In the mid-1990s, Congress decided it was open season on inmate litigation. It was not banned outright, but Congress reined in these cases. One way to do that was to deny inmate in forma pauperis status if they had previously filed three frivolous actions in the past. (In forma pauperis means you don't have to pay the filing fee). It all seemed so simple back then. It was not. The courts are still untangling the Prison Litigation Reform Act.
The case is Jones v. Smith, decided on June 19. Is there a more generic caption for a lawsuit than Jones v. Smith? Probably not. This dispute started after Jones filed and lost two separate cases: one alleging that prison officials deprived him of reasonable access to the courts. Jones then appealed that dismissal and lost. We will call this Case A. In Case B, Jones filed a habeas corpus petition challenging his state court conviction. He lost that case and also lost the appeal. Then he filed a motion in the district court to vacate the dismissal of Case B under Rule 60, and after losing that battle, he took up an appeal and lost that one also. So that's five losses in two cases. Under the three-strikes-yer-out rule under the PLRA, the district court in this case says he is ineligible for in formal pauperis status.
The Court of Appeals (Leval, Katzmann and Hall) disagrees in this case of first impression. Under the PLRA, a habeas petition is not a "civil action" for purposes of counting up the inmate's frivolous cases. But the district court said that appeals from weak habeas cases count as a strike. The Court of Appeals does not see it this way. When Congress enacted the PLRA, it was trying to reduce bogus civil actions over prison conditions, like when inmates sue under the Equal Protection Clause because they did not get enough meatballs. Habeas actions do not challenge prison conditions but, instead, the constitutionality of the conviction itself. Appeals can count as strikes, but only in civil actions that may count as strikes. Appeals from frivolous habeas actions don't count. And, right before Congress passed the PLRA, it enacted a law governing frivolous habeas petitions. So Congress most likely intended to cover habeas actions in the first piece of legislation, not the PLRA.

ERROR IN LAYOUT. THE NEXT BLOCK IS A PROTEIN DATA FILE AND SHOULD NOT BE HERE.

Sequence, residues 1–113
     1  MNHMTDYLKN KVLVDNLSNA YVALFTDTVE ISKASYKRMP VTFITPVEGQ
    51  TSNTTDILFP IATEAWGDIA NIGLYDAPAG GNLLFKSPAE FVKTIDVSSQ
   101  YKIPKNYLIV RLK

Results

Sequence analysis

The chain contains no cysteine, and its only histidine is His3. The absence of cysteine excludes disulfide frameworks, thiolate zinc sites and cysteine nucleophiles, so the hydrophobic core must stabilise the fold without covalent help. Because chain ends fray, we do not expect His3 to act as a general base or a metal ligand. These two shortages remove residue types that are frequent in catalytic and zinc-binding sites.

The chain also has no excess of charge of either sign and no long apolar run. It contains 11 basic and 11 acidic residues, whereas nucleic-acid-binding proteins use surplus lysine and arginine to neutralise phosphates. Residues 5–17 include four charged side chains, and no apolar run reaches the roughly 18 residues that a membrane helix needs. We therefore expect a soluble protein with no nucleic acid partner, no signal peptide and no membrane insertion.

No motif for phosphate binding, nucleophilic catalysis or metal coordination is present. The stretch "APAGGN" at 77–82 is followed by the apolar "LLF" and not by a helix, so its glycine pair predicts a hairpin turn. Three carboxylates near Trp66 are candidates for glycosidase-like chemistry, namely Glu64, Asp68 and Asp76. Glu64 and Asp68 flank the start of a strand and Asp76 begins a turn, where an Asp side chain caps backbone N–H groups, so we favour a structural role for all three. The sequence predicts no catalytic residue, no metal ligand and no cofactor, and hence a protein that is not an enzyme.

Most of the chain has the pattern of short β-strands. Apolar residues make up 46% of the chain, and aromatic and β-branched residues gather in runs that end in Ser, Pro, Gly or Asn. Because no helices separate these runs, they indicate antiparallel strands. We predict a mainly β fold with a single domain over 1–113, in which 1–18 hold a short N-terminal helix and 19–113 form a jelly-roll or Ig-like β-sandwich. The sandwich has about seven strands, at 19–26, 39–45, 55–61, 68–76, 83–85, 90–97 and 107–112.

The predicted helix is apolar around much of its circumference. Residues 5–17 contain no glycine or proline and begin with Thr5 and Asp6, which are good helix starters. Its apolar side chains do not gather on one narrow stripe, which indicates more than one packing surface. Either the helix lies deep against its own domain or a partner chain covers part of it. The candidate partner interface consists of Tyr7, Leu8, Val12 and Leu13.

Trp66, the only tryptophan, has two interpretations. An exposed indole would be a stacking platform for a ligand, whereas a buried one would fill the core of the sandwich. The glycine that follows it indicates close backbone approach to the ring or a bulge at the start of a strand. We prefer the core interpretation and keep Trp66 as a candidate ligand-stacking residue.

In sum, here is the rule of law in this area: "dismissals of habeas petitions challenging the prisoner's conviction or the duration of his confinement should not be considered strikes for purposes of the PLRA."